Dealing with Employees/Scheduled breaks in the office
I work for a big city government. We work 8-1/2 hour days, supervisors work 9 hour days, and managers work 10 hour days. ALL of us are schedule two 15-minute breaks, every 4 hours, between lunch, according to the Human Resources handbook. 25 years on the job. I know the rules very well. And HR is always open to discussion on almost ANY question any employee has.
EXCEPT for smoking...
My co-workers who smoke, take a 15 minute break every 1/2 hour. The 15 minute does not include leaving their desks and going down the elevator in the 20 story building. It BEGINS when they walk just outside the front doors of the building, which is a violation as people are not allowed to smoke within 25 feet of the building. I watch my fellow co-worker smokers 'light up' when they are inside the building, 10-25 feet from the front door.
They are paid to smoke, because they are never at their desk or office! Including supervisors and managers.
In 25 years of employment, I went to HR and ASKED! about my smoking co-workers. HR says that they have a "sickness," and other words so they are ALLOWED to take as many breaks as they want.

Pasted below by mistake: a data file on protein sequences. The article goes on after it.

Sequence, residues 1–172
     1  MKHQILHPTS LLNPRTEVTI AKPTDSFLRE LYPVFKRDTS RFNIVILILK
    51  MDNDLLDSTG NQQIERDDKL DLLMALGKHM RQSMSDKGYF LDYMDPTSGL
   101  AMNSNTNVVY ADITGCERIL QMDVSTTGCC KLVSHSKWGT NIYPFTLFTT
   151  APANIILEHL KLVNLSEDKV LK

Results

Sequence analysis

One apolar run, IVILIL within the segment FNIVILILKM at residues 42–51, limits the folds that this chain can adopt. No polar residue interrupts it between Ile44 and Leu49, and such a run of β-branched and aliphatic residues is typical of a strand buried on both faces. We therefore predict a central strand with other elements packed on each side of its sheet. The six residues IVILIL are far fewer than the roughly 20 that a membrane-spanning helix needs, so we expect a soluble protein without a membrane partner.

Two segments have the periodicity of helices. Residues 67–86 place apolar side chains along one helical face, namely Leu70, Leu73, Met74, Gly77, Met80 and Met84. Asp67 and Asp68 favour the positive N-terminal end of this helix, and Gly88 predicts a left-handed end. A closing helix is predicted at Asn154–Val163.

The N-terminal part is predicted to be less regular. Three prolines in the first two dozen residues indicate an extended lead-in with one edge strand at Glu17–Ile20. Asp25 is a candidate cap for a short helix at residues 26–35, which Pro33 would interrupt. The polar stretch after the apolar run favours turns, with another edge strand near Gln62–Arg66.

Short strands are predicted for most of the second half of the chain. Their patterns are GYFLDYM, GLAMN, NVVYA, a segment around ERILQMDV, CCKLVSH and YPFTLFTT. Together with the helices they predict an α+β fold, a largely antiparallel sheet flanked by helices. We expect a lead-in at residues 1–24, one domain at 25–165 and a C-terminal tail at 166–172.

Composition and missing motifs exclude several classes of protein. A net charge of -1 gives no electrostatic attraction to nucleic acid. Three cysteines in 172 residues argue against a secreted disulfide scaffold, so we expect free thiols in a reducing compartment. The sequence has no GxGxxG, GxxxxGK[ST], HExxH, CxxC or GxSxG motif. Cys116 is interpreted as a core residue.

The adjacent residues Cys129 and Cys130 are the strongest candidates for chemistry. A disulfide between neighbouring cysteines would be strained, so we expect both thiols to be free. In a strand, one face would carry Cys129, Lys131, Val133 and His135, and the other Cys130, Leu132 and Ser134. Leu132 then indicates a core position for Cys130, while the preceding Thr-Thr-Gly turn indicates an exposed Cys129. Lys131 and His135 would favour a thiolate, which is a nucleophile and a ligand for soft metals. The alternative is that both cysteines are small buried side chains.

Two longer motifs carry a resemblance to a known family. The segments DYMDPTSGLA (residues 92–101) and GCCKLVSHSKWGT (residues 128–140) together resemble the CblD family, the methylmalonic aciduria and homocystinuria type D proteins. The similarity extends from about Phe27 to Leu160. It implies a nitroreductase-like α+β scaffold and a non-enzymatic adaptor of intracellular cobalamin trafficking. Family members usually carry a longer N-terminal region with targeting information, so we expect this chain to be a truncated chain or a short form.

So I said, fine. I have been on FMLA for 19 years, have a heart condition, high blood pressure, diabetes, open heart surgery; twice, and major foot surgery due to a serious accident. I will start taking a 15 minute break every hour.
The first day I did it, I was called to HR and written up for abusing my breaks. My condition, apparently, is not as serious as someone who decides to smoke.
I look at many places on the internet, trying to find a straight answer as to WHY HR Departments allow smokers to take several breaks all day long, with NO answer any where.
Even HR advice sites on the internet, concern themselves with giving new hire interviews, but will not :touch" questions about smokers.
Do you know why is that?
I don't know why HR sites don't adequately summarize smoking in the workplace.
In general terms, though, smokers are NOT considered a protected class under the
American Disabilities Act. Therefore, employers arenít legally obligated to provide smoke rooms or smoke breaks to employees. Employers do have discretion to allow paid smoke breaks.
In my opinion, employers who allow smokers more breaks than non-smokers are creating an unfair workplace environment and could possibly face liability for discrimination against non smokers. Thus, in my opinion, your HR folks erred when they wrote you up for taking the same breaks as smokers, and they erred when terming smoking a "sickness." In fact, under certain circumstances, diabetes is covered under the American Disability Act.
My advice: get a free consultation with an employment attorney and discuss this situation, the write up and your rights. Once you get that information, you can decide if you should push for equal rights.
Take care; I wish you well.
Alice J. Bogert